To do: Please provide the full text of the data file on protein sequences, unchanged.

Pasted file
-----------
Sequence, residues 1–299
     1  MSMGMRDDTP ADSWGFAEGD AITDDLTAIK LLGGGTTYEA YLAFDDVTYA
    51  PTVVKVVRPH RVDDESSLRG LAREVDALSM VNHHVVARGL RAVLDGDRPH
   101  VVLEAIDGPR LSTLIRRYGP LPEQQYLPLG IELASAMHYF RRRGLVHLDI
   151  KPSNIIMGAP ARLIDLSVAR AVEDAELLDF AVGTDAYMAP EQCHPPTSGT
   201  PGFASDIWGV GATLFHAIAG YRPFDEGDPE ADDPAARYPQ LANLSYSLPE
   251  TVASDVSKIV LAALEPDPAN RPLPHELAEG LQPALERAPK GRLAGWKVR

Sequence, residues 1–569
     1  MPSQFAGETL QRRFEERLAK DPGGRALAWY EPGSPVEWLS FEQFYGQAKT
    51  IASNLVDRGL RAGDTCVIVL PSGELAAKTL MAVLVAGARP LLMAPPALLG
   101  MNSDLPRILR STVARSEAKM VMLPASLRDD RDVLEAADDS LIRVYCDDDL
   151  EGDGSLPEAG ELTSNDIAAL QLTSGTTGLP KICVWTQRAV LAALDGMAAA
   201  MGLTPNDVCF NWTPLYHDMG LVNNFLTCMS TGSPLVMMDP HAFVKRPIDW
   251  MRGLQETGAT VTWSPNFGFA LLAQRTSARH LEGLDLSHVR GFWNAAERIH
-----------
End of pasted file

Sequence, residues 1–299
     1  MSMGMRDDTP ADSWGFAEGD AITDDLTAIK LLGGGTTYEA YLAFDDVTYA
    51  PTVVKVVRPH RVDDESSLRG LAREVDALSM VNHHVVARGL RAVLDGDRPH
   101  VVLEAIDGPR LSTLIRRYGP LPEQQYLPLG IELASAMHYF RRRGLVHLDI
   151  KPSNIIMGAP ARLIDLSVAR AVEDAELLDF AVGTDAYMAP EQCHPPTSGT
   201  PGFASDIWGV GATLFHAIAG YRPFDEGDPE ADDPAARYPQ LANLSYSLPE
   251  TVASDVSKIV LAALEPDPAN RPLPHELAEG LQPALERAPK GRLAGWKVR

Sequence, residues 1–569
     1  MPSQFAGETL QRRFEERLAK DPGGRALAWY EPGSPVEWLS FEQFYGQAKT
    51  IASNLVDRGL RAGDTCVIVL PSGELAAKTL MAVLVAGARP LLMAPPALLG
   101  MNSDLPRILR STVARSEAKM VMLPASLRDD RDVLEAADDS LIRVYCDDDL
   151  EGDGSLPEAG ELTSNDIAAL QLTSGTTGLP KICVWTQRAV LAALDGMAAA
   201  MGLTPNDVCF NWTPLYHDMG LVNNFLTCMS TGSPLVMMDP HAFVKRPIDW
   251  MRGLQETGAT VTWSPNFGFA LLAQRTSARH LEGLDLSHVR GFWNAAERIH